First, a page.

Parents who enroll their children in these programs should be aware that they must teach a minimum of four hours per day for 170 days per year and the students in these schools must take the state-mandated TAAS test, since they are indeed enrolled in public schools. The TAAS test is not a nationally normed achievement test like the Iowa Basic Skills test or the California Achievement Test but rather a test that is designed to track what a child knows from the specific curriculum that is used in the Texas public schools. Parents who are considering such a program would be well advised to ask for written requirements and check them carefully before they make that choice.
The Coalition has also had calls from home school leaders asking how local support groups could be impacted by charter school families who wish to be a part of these support groups. In the Leeper case, the court case that clarified the law concerning home schooling in Texas, the judge said that if a parent or one standing in parental authority had a curriculum from any source that covered the basic educational goals of reading, spelling, grammar, math, and course in good citizenship and pursued this curriculum in a bona fide manner, the students were in a private school and therefore exempt from the compulsory attendance laws. (Note that the instruction must be bona fide, that is, not a sham. Some mistakenly say that the curriculum must be bona fide, which would imply an approval process by some authority.)
From a legal viewpoint it would seem that the major difference in the case of the charter school is that the curriculum is provided by state funds. The students in this school would be in compliance with the compulsory attendance laws and, since the teaching is at home, it could be considered a home school. In the Leeper case the judge said that if a parent or one standing in parental authority had a curriculum from any source that covered the basic educational goals of reading, spelling, grammar, math and a course in good citizenship and pursued this curriculum in a bona-fide manner, they were in a private school and exempt from the compulsory attendance laws.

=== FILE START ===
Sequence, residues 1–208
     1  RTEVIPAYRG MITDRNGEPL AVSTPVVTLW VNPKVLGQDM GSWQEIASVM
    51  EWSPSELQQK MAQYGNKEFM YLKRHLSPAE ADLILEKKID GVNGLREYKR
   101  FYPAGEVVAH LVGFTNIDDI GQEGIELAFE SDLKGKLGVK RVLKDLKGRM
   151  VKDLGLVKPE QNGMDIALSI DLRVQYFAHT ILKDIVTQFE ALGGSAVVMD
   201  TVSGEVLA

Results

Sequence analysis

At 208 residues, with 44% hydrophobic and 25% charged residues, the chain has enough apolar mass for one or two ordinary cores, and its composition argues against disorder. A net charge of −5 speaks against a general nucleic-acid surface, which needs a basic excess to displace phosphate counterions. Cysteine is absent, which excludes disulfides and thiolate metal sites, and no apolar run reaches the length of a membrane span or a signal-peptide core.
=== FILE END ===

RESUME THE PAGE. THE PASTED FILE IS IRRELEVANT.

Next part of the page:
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What about custody and home schooling?
In the matter of custody in a family lawsuit, THSC Association will provide assistance only if home education is an issue in the suit and only on the home education aspect of the case. Assistance will consist of providing information (written and/or verbal) to the member’s attorney in order to educate him regarding home schooling laws in Texas and the validity of home schooling as an education option. This service is provided in order to prevent members from paying attorney’s fees for legal research on home schooling. THSC Association may also recommend expert witnesses if needed.

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Businesses not acknowledging Home School diploma